EDITOR’S NOTE: This post reflects my interest as a marketing student in advertising and social media marketing. The opinions expressed here are mine and in no way reflect the opinions of my employers.
 

 
Allstate is reuploading its Mayhem videos to YouTube, and because I subscribe to their channel, my phone is blowing up. Of course, this mean I stop everything to post a fan favorite. In this 30-second spot for the insurance company, Mayhem as the guy who’s going to sue you because you hit him and he spilled his large espresso in his lap.
 

Your 15-minute insurance may not cover my $90,000 car, so I sue you because that’s what I do.
~ Mayhem,
The guy who is going to sue you

 
Mayhem fans visiting this site may notice some videos are marked “expired.” I noticed this just tonight when I was checking some links. I will update the Allstate posts as soon as Allstate finishes updating its channel. Thanks for your patience — and for reading.
 

‘Mayhem the Guard Dog’

 

 

EARLIER: A roundup of 2011 Mayhem commercials

 


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Happy little trees from ESPN and W+K

EDITOR’S NOTE: This post reflects my interest as a marketing student in advertising and sports marketing. The opinions expressed here are mine and in no way reflect the opinions of my employers.

Just spotted on AdWeek’s Ad of the Day: An ESPN commercial from Wieden+Kennedy features none other than Bob Ross, a TV painter whose PBS show undoubtedly distracted entertained scores of Gen Xers before the advent of cable televisions’s Golden Age and the Internet. AdWeek already has a nice overview, so I’ll just add my two cents on why this spot works: The commercial’s retro setting (e.g. the brown paneling, the Sears silk curtains, the bamboo furniture) along with the actor’s costumes and props, give it a weird but effective then-meets-now that will resonate with Xers 35 and older who were so bored at Grandma’s back in the 1970s and 1980s that they gave into Ross and his paints and spent the captive, believing they too could paint happy little trees. And that makes for a happy little memory.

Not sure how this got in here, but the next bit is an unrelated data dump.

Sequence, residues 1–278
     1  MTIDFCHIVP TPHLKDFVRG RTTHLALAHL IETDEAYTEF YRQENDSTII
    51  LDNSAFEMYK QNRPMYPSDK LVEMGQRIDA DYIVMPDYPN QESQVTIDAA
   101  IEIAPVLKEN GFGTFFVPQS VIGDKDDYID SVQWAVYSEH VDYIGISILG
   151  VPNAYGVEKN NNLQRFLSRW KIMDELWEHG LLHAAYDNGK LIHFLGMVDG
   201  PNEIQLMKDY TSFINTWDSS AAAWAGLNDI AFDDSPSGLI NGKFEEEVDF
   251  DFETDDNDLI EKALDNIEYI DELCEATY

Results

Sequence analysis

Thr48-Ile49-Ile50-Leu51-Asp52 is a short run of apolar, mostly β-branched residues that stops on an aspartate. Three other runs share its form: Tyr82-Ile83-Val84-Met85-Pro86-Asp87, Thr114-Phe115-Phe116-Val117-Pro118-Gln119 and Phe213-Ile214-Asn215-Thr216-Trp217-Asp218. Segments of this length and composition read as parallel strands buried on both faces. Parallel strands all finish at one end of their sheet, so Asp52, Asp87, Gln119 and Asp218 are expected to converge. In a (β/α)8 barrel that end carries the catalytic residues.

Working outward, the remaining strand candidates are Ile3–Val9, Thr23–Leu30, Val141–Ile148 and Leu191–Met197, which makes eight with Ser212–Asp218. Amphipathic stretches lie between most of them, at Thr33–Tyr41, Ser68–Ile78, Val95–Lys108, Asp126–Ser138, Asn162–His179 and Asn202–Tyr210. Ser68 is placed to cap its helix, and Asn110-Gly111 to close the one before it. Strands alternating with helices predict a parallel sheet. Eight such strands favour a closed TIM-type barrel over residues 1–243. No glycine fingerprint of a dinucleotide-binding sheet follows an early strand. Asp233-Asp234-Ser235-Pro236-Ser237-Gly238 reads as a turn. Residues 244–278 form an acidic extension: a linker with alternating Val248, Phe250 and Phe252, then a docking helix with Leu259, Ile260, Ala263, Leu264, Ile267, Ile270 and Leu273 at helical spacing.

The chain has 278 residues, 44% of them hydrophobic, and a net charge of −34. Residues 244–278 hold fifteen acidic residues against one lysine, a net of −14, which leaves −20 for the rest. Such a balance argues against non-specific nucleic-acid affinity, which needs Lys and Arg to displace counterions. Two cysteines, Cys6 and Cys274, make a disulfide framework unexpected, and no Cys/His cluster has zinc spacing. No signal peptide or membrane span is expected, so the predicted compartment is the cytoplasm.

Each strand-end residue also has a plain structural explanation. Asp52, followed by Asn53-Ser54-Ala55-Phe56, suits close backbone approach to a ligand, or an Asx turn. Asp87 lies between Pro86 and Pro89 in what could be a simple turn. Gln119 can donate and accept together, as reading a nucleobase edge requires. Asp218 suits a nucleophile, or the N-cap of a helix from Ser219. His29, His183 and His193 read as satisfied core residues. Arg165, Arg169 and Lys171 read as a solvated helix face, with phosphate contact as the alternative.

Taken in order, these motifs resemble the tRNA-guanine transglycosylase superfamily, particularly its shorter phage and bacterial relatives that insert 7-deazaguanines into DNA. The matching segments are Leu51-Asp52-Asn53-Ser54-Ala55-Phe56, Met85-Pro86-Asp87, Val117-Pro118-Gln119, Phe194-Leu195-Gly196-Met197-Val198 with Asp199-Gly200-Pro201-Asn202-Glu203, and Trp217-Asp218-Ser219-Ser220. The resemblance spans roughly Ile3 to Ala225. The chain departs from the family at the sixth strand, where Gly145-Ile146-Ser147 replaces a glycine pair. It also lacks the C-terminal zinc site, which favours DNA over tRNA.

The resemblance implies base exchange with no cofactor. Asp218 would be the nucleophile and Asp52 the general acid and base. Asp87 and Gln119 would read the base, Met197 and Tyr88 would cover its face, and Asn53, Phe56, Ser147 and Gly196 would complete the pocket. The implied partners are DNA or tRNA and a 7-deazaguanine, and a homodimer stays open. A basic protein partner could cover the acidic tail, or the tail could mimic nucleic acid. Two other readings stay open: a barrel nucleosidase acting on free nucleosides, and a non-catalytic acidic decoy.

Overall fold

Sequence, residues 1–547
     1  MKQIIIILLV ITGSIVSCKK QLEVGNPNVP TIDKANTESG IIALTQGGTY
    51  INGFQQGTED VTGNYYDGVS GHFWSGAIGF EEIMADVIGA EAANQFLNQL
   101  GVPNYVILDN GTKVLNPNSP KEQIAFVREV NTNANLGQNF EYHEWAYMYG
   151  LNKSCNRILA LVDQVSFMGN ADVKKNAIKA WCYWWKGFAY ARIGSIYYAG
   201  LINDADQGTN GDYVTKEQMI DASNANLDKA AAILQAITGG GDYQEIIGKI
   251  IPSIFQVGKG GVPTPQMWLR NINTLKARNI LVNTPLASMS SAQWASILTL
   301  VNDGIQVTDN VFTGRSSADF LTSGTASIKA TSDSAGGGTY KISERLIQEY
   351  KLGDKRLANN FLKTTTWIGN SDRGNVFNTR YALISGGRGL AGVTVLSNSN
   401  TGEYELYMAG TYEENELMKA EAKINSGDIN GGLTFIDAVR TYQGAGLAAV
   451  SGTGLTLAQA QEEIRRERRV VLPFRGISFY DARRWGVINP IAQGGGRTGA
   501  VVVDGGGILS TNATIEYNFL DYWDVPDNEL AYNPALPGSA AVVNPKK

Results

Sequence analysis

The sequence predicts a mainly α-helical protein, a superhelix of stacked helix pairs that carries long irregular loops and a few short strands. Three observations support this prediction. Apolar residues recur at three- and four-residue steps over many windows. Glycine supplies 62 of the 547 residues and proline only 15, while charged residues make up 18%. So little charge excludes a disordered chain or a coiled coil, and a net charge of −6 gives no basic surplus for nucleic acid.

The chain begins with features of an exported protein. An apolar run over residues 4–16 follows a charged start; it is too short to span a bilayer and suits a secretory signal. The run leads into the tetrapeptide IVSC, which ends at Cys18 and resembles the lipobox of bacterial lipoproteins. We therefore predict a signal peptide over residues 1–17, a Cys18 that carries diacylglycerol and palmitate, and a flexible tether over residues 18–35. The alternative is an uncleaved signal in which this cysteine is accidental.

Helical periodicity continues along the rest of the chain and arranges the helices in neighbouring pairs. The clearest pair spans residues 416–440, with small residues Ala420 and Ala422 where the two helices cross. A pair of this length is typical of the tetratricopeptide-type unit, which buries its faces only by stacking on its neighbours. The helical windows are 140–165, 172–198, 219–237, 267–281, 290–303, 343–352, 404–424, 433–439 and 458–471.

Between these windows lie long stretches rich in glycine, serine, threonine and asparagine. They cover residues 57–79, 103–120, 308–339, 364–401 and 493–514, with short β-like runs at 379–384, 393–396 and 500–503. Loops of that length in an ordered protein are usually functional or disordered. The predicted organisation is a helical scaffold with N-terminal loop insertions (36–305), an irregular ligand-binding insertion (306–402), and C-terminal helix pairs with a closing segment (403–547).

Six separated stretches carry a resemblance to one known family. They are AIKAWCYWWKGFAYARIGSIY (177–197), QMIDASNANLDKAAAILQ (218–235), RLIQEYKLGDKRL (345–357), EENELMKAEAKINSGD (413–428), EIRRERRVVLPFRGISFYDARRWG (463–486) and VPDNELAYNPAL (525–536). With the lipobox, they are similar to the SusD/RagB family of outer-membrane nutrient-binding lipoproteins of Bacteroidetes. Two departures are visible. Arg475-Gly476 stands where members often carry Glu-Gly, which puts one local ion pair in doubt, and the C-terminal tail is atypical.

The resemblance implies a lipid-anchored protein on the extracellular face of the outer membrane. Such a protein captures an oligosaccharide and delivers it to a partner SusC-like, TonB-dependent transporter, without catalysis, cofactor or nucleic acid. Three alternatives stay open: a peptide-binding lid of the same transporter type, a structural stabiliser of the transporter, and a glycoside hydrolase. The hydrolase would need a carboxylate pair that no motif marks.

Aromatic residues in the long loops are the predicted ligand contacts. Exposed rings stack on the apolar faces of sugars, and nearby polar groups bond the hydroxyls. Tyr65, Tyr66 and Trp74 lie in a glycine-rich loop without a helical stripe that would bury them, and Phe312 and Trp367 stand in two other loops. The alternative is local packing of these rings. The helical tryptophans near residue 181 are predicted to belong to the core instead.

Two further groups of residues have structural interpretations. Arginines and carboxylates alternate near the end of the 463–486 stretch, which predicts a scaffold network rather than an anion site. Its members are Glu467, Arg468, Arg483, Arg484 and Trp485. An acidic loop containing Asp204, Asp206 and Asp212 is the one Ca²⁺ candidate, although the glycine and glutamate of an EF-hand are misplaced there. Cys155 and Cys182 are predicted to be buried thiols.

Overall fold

You’re always taking the TV to watch all your painting shows.

 

~ Husband,
ESPNWatch commercial, May 2012

 

 

The ESPNWatch “Paintings” spot was posted on ESPN’s YouTube channel on May 21. At the time of this writing, it had 2,471 views.

MORE: Bob Ross painting mountains:

 

 


More from Allstate: It’s March and it’s Mayhem

UPDATE 5-31-2012: Allstate is updating its YouTube channel, and some videos are working and some are not. I’m trying to update the links as soon as Allstate reposts them. Thank you for your patience.